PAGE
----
Why We Can Thank God in Everything

Why We Can Thank God in Everything

Throughout God’s Word, we find the instruction to “give thanks.” Here are a few examples:

  • Give thanks unto the Lord, and call upon his name: make known his doings among the nations.” (I Chronicles 16:8).

  • “O give thanks unto the Lord; for he is good: for his mercy endureth for ever. ” (I Chronicles 16:34).

  • “Sing to the Lord, O ye his saints, and give thanks at the remembrance of his holiness (Psalm 30:4).

One verse in the New Testament defines when we are to “give thanks.” I Thessalonians 5:18 says: “ In all things give thanks; for this is the will of God in Christ Jesus concerning you all.” There are no boundaries, no “exception clauses” in regard to when we are to give thanks. We are to give thanks “in every thing.”

How does this truth relate to the suffering we experience? Does it mean we are to be thankful when a young mother dies of cancer? Does it mean you should give thanks when you lose your job? Does it mean we should rejoice when a couple suffers the anguish of multiple miscarriages?

Thanking God in all things does not mean that we thank God for evil. Rather, we are to thank God in the midst of all things. With their decision to sin, Adam and Eve rejected God’s plan for a life without pain and sorrow, and the curse they received fell on all who have been born since then. The good news is that God the Father has redeemed us from that curse through the blood of His Son, the Lord Jesus Christ.

“Christ hath redeemed us from the curse of the law, being made a curse for us: for it is written: Cursed is every one that hangeth on a tree: That the blessing of Abraham might come on the Gentiles through Christ Jesus: that we may receive the promise of the Spirit by faith. ” (Galatians 3:13–14). Therefore, as an act of redemption, God is able to take any circumstance that Satan or others intended for evil and redeem it for God’s glory and our good.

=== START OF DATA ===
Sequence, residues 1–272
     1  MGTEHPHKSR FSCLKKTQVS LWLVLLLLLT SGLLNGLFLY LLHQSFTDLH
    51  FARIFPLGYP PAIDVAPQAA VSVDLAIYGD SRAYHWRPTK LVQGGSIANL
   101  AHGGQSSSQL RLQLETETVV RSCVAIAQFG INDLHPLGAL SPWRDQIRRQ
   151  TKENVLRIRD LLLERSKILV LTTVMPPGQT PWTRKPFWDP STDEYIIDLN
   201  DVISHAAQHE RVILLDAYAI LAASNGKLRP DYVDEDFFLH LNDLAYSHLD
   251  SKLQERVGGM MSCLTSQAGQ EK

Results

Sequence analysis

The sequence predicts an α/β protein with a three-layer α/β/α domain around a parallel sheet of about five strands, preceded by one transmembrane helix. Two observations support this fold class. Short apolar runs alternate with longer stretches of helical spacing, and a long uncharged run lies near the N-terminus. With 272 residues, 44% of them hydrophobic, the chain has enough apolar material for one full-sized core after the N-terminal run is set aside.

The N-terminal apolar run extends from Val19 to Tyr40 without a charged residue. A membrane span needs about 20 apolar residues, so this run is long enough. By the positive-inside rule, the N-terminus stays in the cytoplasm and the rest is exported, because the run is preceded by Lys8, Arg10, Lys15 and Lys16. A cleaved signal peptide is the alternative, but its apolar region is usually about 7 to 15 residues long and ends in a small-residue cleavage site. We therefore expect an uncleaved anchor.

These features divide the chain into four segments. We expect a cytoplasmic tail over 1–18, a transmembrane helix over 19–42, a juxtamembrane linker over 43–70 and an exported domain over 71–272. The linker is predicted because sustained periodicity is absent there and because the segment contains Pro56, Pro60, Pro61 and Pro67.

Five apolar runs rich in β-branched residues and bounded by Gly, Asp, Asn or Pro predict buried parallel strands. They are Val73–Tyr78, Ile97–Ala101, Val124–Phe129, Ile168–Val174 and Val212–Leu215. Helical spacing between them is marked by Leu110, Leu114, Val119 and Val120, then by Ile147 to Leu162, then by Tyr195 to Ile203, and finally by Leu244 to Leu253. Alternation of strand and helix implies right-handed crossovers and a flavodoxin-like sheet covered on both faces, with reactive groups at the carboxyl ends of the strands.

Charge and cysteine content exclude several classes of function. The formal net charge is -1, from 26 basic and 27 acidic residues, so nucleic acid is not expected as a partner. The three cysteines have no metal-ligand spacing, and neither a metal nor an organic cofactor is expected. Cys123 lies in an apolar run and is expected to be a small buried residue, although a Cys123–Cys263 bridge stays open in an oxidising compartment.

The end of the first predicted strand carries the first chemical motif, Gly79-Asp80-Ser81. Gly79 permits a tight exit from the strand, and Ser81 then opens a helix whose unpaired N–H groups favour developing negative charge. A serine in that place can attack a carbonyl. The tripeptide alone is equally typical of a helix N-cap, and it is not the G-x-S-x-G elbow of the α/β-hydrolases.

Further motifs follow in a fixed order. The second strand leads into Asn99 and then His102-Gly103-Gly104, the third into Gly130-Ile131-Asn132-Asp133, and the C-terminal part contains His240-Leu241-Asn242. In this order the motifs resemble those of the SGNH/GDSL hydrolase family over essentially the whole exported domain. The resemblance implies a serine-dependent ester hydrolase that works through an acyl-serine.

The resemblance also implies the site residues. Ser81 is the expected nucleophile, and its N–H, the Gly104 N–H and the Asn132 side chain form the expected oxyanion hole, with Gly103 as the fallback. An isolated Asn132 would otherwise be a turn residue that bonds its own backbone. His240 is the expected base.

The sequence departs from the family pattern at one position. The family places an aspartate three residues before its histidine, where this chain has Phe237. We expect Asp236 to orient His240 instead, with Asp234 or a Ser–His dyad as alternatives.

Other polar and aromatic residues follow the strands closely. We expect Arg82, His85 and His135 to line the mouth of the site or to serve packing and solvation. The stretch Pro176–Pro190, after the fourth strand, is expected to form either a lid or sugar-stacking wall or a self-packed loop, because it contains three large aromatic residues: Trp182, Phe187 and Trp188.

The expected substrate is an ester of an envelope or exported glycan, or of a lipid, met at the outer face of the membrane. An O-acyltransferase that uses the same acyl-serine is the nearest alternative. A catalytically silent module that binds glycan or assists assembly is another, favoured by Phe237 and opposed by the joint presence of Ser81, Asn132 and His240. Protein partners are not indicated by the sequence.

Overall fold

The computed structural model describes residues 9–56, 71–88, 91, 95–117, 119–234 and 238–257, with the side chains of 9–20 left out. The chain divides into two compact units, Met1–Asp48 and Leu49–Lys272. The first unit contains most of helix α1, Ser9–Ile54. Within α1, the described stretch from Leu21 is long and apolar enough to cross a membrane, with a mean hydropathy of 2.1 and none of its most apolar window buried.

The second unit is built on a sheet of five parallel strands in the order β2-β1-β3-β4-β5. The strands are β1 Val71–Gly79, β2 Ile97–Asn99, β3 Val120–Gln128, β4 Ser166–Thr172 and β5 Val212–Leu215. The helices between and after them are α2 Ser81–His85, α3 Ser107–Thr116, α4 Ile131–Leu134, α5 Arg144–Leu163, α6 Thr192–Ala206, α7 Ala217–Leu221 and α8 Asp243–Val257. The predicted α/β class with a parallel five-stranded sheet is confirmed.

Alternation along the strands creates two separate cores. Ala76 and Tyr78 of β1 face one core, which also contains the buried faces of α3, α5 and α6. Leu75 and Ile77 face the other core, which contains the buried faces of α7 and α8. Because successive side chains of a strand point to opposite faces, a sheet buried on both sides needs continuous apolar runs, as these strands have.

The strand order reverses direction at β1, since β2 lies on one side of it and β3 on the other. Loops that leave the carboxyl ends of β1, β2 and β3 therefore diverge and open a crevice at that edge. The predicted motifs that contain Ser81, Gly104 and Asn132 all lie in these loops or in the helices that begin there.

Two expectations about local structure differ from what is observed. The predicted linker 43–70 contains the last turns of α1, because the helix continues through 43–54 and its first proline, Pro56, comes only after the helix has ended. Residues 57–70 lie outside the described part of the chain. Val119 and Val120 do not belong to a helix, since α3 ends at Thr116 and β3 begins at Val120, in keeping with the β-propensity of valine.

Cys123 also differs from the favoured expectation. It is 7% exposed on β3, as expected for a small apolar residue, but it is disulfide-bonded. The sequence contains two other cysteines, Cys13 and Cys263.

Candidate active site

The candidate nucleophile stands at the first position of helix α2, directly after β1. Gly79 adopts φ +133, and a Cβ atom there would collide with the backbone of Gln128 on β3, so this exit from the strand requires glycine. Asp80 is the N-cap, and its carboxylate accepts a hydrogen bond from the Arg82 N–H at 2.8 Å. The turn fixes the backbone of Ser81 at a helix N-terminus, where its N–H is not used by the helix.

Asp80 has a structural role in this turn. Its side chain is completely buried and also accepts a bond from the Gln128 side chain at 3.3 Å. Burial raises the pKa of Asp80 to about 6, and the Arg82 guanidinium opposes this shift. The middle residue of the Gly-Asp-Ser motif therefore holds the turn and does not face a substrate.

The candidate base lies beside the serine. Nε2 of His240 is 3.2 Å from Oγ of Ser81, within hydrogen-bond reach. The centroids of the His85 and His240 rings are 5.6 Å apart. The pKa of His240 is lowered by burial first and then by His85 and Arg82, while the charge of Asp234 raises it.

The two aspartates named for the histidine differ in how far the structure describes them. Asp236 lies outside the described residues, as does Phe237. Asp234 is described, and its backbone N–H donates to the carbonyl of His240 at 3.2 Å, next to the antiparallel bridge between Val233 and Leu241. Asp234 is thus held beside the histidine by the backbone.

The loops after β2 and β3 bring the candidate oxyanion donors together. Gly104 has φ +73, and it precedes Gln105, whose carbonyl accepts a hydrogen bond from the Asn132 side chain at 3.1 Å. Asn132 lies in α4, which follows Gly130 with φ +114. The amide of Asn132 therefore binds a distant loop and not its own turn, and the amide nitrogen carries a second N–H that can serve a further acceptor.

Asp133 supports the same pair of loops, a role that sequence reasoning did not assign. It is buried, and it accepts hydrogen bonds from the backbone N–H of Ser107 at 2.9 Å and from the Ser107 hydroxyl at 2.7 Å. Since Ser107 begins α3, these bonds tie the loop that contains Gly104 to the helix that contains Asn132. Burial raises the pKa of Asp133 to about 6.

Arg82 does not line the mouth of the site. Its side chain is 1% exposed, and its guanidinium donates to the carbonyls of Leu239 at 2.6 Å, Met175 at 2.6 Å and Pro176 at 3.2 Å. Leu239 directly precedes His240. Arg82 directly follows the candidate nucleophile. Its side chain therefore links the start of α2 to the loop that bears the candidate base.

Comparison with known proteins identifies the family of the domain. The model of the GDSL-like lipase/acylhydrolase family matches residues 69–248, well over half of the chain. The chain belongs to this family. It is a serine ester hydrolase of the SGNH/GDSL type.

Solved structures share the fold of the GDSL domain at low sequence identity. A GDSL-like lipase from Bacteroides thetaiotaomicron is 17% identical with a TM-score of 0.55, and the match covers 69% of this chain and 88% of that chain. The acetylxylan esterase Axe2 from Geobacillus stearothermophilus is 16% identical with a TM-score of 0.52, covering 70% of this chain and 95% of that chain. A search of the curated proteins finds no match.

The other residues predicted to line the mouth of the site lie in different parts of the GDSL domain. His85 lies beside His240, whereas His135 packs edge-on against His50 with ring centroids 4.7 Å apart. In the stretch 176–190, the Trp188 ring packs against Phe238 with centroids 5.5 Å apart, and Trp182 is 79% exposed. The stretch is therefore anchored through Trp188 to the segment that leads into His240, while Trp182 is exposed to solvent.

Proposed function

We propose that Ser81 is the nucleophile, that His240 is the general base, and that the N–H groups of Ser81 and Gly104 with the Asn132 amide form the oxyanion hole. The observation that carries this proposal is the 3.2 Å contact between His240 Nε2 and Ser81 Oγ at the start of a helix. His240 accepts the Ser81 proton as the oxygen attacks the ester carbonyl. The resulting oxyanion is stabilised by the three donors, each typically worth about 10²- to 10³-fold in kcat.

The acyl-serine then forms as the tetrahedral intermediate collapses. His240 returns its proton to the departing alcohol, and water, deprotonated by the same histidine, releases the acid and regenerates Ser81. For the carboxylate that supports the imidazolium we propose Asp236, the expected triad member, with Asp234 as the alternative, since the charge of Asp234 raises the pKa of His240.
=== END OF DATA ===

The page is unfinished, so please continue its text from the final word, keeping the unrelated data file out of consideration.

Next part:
Let’s look at four reasons why we can and should thank God in everything.

1. God is sovereign over all things.

Job was the most righteous man of his day; God was well pleased with him. However, Satan scorned God’s praise of Job, predicting that Job would curse God if God removed the hedge of protection around all of Job’s possessions and family.

God gave Satan permission to afflict Job—within certain limits. In a single day, Job lost 7,000 sheep, 3,000 camels, 500 yoke of oxen, and 500 donkeys. On the same day, Job’s seven sons and three daughters were killed when the house in which they were gathered collapsed. When Job was informed of these tragedies, he could have said, “The Lord gave, and Satan has taken away!” Instead, Job declared, the Lord gave, and the Lord hath taken away: as it hath pleased the Lord so is it done: blessed be the name of the Lord. (Job 1:21).

Then God gave Satan permission to go even further and destroy Job’s health. Soon painful sores covered Job’s body. What was Job’s response to this evil? He said, “If we have received good things at the hand of God, why should we not receive evil? In all these things Job did not sin with his lips. ” (Job 2:10). Job realized that God was sovereign—in control of all things at all times. He knew that God could have prevented this suffering, and Job chose to trust God in the face of this unprecedented onslaught at the hand of Satan.

Until we understand that ultimately everything comes through, if not from, the good hand of God, we will never be able to develop a grateful spirit. Job responded correctly to the losses and suffering inflicted upon him. You and I are called to walk in the same faith in God that Job demonstrated.

2. Ultimately, as a child of God, everything is for your good.

Many believers are familiar with the promise of Romans 8:28: “And we know that to them that love God, all things work together unto good, to such as, according to his purpose, are called to be saints.” It is important to note that this promise is made “to them that love God, to them who are the called according to His purpose. To them that are called to be saints” This promise is only for believers, because as children of God, He directs all of our steps. Our heavenly Father has also made this promise: “For God loveth mercy and truth: the Lord will give grace and glory. He will not deprive of good things them that walk in innocence: ” (Psalm 84:11; see also Romans 8:29–32).